By Sarah Trefethen
Student pranksters are getting into real estate.
New York news outlets on Monday received an emailed press release claiming to be from representatives of Cooper Union, the 153-year-old, East Village-based undergraduate college famous for its art and architecture programs and free tuition.
The release announced that the school had entered into an agreement with neighboring academic behemoth New York University to lease the recently constructed 41 Cooper Square beginning in 2015.
The news website Gothamist ran the story —only to retract the report later that day.
Cooper Union officials issued a statement that called the Gothamist story “totally false,” and John Beckman, NYU spokesman, described the announcement in an email as “hogwash.”
The fake news release directs readers to a website, still active Tuesday afternoon, which claims to serve as an information hub for an official relocation task force charged with identifying alternative locations for Cooper Union’s engineering school and art studios starting in the 2015 semester.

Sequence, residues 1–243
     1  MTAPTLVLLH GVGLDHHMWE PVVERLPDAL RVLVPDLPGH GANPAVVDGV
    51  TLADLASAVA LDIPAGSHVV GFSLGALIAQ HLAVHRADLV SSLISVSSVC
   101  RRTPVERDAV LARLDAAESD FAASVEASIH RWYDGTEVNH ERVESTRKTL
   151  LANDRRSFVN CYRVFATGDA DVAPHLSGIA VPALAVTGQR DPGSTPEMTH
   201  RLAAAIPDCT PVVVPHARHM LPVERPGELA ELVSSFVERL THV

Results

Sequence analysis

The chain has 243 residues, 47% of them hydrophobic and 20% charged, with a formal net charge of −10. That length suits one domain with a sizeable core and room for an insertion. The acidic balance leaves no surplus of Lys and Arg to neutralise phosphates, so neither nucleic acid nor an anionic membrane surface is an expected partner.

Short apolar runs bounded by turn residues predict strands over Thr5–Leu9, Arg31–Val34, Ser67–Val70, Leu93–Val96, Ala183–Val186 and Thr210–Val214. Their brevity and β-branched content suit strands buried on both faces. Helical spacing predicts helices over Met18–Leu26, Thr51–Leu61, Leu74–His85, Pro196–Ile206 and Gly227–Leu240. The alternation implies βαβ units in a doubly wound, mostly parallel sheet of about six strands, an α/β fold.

The site is not an official Cooper Union site, according to Jolene Travis, the school’s assistant director of public affairs. She could not comment on any efforts to remove the misleading page from the Internet.
The prank comes at a time when NYU’s controversial plan to expand in Greenwich Village is under public review, and just days after the university had agreed to a 20 percent reduction in the floor area of its proposal.
Both the fake press release and the relocation site claim that the supposed lease would allow Cooper Union to continue offering full scholarships to all its students, a practice that Jamshed Bharucha, the college president, has said may need to end in light of financial troubles.
Gothamist followed up on the stunt and traced it to a Cooper Union junior, Alan Lundgard, who in emails to the news site took full credit for the misinformation.
“The question has become: what do we consider more expendable, a 110-year tradition dedicated to the value of tuition-free, merit-based education, or a three-year-old trophy building that is partially responsible for the institution’s current fiscal turmoil?” the student wrote.